Bottom of the Heap. The Case of Romania

The suspension of EU payments in four operational programmes in 2012 showed how problematic Romania’s correct and effective management of EU funds is. Such funds aim primarily at decreasing the socio-economic disparities among EU members and support the economic convergence with their Western counterparts of less developed new EU members. Consequently, a poor absorption rate of EU funds threatens income convergence between old and new member countries, thus representing a major challenge for EU integration. Currently, Romania has the poorest absorption rate among all the EU Member States and the worst among the ten new Member States. Moreover, the financial corrections, which amount to roughly 22% of the assimilated European funds, further reduce the real absorption rate, a loss which can be attributed entirely to corruption and mismanagement. The present report investigates the proportion of EU funds which can reasonably be considered at risk because of mismanagement and corruption, asks what are the main defrauding tactics used at national level to obtain European money illicitly, and considers the extent to which the suspension or cancellation of EU assistance might be the best policy for dealing with the situation. In addition, the report will put forward a list of recommendations for the next EU programming period which are intended to mitigate the effects of corruption and mismanagement that result in a waste of public resources.

Hidden Depths. The Case of Hungary

This report investigates corruption risk of EU funds spending in Hungary within the framework of the Public Procurement Law. Its finding is that in spite of what is a tight regulatory framework EU funds are likely to fuel the abuse of public spending. Even though public procurement using EU funds faces considerably more stringent regulation, their use poses much greater corruption risks when compared with funds procured domestically and corruption risks are particularly pronounced for large projects. The report also argues that large-scale institutionalized corruption in Hungary may be widespread and driven primarily by political cycles. Such corruption, often labeled “legal corruption”, typically involves neither bribery nor collusion between lower level bureaucrats and private individuals; rather, it operates through contractual relationships which benefit the highest echelons of the political and business elite. There are a small number of new anti-corruption initiatives of the new government which entered office in 2010, but while they might indicate a positive step towards higher public sector integrity, their results are yet to be seen.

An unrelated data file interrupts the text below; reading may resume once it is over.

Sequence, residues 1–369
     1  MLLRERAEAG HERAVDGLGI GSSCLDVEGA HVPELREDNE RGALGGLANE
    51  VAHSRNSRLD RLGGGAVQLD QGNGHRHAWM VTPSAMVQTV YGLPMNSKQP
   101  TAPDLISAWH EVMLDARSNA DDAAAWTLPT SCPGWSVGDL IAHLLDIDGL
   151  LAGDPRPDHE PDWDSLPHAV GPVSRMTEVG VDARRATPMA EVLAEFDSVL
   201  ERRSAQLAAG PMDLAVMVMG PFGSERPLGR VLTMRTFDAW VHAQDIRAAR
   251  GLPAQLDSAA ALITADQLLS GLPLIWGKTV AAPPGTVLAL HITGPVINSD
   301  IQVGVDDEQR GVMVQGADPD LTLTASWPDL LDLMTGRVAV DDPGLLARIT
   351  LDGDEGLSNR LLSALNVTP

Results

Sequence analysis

FOIA as an Anti-Corruption Tool

This paper tests, explores and exemplifies the role of freedom of information legislation as an anti-corruption tool. In the first part, its tests freedom of information separately and in comparison with other more popular anti-corruption tools, such as an anti-corruption agency. In the second part, it proposes a more elaborated model explaining control of corruption and argues that transparency legislation is intermediated by the existence of civil society and does not work in its absence. In its last and final part it exemplifies with a project in Romania how freedom of information can be used as an integrity building tool.

Aid Selectivity and Anti-Corruption Policy: a Case Study of the Millenium Challenge Corporation

This paper argues that corruption control is the most fundamental component of the good governance agenda, since it subverts all the other values of good governance. It is both cause and effect of inefficient and unaccountable institutions. In developing countries, were resources are scarcer and need to be used in the most effective manner, corruption is especially harmful. In an effort to clarify how this move to a more selective, performance based approach can have an influence in the control of corruption of developing countries and therefore serve as model for other donors to follow, this paper will first discuss the concepts of good governance, development, corruption and review its empirical links to aid effectiveness. It will also show the benefits and limitations of measuring governance and corruption and argue for the development of more broad assessments methods.